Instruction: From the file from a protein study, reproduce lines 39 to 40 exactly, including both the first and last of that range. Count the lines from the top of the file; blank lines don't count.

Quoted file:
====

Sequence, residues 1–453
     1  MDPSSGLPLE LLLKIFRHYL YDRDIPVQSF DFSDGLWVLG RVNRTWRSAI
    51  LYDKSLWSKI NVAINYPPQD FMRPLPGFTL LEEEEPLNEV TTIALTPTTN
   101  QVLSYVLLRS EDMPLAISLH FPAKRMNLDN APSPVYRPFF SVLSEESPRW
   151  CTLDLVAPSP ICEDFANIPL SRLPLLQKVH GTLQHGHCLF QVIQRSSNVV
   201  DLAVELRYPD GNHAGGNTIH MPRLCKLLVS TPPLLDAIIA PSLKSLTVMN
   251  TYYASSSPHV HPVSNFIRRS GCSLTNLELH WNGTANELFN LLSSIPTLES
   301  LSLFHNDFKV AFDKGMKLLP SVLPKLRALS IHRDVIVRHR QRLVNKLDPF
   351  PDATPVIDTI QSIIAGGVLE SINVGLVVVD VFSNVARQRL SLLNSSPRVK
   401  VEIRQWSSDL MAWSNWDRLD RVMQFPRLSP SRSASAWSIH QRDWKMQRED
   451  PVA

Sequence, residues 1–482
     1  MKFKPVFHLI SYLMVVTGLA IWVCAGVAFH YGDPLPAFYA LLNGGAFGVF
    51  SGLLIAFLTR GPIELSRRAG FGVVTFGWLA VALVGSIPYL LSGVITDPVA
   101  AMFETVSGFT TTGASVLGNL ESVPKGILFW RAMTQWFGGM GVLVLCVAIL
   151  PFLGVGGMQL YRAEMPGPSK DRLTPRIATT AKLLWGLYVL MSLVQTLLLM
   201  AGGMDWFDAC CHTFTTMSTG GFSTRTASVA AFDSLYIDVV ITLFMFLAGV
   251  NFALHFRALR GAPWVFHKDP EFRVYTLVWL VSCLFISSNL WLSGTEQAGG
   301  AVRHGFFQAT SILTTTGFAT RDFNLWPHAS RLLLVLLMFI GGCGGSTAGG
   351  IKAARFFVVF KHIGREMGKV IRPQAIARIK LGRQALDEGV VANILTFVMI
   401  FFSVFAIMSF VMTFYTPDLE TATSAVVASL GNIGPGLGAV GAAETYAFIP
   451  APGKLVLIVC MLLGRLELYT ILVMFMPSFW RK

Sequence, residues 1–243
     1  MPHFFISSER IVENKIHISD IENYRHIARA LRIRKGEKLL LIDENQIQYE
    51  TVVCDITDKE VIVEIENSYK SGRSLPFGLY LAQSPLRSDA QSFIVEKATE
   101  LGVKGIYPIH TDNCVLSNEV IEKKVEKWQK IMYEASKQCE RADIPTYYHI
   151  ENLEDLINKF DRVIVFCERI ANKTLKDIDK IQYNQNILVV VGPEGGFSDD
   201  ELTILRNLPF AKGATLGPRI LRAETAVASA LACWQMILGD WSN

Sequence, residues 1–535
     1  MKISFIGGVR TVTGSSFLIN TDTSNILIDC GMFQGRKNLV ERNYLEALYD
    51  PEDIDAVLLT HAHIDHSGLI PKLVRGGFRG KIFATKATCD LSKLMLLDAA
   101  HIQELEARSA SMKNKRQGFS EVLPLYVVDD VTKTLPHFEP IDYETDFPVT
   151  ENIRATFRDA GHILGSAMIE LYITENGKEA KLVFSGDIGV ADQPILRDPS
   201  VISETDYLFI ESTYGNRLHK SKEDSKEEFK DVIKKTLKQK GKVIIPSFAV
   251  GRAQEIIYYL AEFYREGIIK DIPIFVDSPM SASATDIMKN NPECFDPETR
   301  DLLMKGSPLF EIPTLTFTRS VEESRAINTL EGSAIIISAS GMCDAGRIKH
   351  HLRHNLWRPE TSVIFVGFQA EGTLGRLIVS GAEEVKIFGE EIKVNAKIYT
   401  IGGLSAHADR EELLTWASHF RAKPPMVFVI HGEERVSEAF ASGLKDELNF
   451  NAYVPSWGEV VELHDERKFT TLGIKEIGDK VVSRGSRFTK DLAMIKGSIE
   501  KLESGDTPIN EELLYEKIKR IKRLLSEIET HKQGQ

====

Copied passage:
   451  NAYVPSWGEV VELHDERKFT TLGIKEIGDK VVSRGSRFTK DLAMIKGSIE
   501  KLESGDTPIN EELLYEKIKR IKRLLSEIET HKQGQ